Updated: Sep 15, 2022
Editors Note: We recognize that many forms of harassment can occur in the work place, including harassment based on race, ethnicity, sexual orientation, gender identity, ability, and other identities. Our team is always developing and testing new training to truly meet our mission of Building a Safe Environment for everyone.
How Can We Build a SAFE Environment for Everyone?
At an event, someone from your team tells you that a disgruntled person has asked to speak to someone in charge. You walk up to introduce yourself and ask how you can help. The person says, “No, I said I wanted to talk to the MAIN person in charge.” You take a deep breath. “I’m the CEO. What can I do for you?”
Maybe this has happened to you, or you’ve witnessed a similar interaction where someone made incorrect assumptions about an individual’s identity because of the way they look, act, or speak.
If we are serious about fostering workplace cultures of inclusion, it’s essential that we acknowledge the role unconscious bias plays in our everyday team communications, decision-making, promotion and hiring practices.
We ALL have biases; it’s just a fact of being human.
Bias is prejudice in favor of or against one thing, person, or group compared with another, usually in a way considered to be unfair.
Sometimes we’re well aware of our bias. Personally, I am biased towards the French national soccer team over the US one, because I grew up watching soccer in France. No judgment, please!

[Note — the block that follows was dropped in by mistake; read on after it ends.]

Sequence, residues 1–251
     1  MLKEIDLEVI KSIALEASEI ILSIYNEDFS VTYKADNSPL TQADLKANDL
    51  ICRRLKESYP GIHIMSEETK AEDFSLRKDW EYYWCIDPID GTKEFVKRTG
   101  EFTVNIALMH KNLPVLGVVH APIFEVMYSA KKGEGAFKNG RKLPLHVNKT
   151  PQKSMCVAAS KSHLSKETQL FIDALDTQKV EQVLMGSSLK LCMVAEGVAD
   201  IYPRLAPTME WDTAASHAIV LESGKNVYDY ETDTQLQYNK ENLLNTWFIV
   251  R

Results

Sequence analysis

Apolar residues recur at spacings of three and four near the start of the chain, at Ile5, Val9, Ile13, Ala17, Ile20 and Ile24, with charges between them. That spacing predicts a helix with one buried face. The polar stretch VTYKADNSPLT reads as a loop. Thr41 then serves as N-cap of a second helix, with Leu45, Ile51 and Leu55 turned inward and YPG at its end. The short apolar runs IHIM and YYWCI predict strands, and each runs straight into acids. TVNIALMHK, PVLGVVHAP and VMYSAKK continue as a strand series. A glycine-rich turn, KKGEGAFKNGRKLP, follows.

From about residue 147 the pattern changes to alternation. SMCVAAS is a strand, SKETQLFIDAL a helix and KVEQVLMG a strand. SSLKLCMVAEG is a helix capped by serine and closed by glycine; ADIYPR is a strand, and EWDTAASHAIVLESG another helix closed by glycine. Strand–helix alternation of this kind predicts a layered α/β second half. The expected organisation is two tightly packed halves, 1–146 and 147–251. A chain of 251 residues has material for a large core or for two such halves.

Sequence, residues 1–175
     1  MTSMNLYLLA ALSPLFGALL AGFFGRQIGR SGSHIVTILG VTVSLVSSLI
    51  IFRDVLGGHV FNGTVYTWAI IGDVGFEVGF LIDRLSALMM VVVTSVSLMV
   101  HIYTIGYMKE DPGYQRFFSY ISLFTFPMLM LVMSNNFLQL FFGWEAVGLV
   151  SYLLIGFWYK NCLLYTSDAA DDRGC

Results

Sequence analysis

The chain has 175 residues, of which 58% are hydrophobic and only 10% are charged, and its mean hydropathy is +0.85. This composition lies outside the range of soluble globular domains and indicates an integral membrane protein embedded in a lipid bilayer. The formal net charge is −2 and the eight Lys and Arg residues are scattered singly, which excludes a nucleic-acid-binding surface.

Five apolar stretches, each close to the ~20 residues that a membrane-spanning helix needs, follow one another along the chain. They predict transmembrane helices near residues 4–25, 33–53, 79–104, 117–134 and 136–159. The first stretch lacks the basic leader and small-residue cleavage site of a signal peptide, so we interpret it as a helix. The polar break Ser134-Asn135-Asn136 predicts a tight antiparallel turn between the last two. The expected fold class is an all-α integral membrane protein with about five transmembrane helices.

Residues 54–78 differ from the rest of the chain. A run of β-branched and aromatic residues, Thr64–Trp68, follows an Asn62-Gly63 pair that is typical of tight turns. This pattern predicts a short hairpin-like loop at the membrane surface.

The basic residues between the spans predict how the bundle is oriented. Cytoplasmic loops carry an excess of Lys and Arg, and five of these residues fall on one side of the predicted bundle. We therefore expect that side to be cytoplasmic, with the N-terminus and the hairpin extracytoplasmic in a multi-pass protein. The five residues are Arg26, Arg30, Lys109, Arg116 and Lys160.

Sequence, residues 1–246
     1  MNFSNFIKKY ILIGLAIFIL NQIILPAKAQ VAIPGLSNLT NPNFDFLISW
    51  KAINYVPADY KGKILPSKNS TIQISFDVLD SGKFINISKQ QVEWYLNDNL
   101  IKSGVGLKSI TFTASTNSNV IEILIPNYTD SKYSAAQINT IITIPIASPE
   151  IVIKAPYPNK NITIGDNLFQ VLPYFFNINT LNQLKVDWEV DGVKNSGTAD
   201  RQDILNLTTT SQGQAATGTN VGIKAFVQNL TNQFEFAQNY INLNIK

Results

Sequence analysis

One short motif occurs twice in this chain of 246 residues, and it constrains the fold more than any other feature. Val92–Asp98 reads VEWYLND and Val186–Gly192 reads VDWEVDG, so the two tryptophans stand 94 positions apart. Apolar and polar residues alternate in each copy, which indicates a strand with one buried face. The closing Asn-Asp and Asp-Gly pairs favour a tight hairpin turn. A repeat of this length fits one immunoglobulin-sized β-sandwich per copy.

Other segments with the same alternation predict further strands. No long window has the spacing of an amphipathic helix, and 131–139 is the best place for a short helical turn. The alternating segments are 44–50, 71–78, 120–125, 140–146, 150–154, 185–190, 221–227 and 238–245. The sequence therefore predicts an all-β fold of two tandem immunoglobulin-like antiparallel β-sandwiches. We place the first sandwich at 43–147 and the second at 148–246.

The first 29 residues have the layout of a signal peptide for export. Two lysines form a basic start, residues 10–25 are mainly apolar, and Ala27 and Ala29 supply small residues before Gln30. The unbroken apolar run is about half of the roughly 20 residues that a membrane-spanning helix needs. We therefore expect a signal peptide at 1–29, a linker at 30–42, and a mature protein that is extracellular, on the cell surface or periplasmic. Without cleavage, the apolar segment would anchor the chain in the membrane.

Unconscious bias, on the other hand, happens outside our conscious awareness and is usually based on past experiences and/or stereotypes. It affects our decisions and how we see the world around us, and often results in negative consequences. For instance, a hiring manager may not be aware they have a bias towards people who grew up in the South as they did, but this may affect their hiring decisions nonetheless.
When they unintentionally overlook a more qualified applicant compare to one from Tennessee , that can negatively impact the company (losing out on a better candidate), and of course, the job seeker in question.
That’s affinity bias - being drawn to people who are similar to us in appearance, beliefs, and/or background.
The forms of unconscious bias that commonly affect workplace dynamics include:
Affinity Bias - This most often comes up when companies hire for ‘culture fit’, the question being, whose culture? Instead of excluding people who don’t fit the dominant culture in your workplace, we can seek to hire for ‘culture add’ and seek to build more inclusive, diverse teams.
Attribution Bias - For instance, making unfair assumptions about a candidate who is late to the interview or says something that makes you jump to conclusions about their life or professional experience. Are you missing a part of the story? Could there be extenuating circumstances?
Name Bias – This is one of the most pervasive forms of unconscious bias in the hiring process. Studies find that white sounding names on resumes receive significantly more callbacks for interviews than African American-sounding names or Asian names.
Our biases can turn into discriminating or harassing behaviors, including micro-aggressions.
And in 2021, employees and job seekers are less likely to put up with workplaces where they don’t feel valued and respected for who they are and what they bring to the table.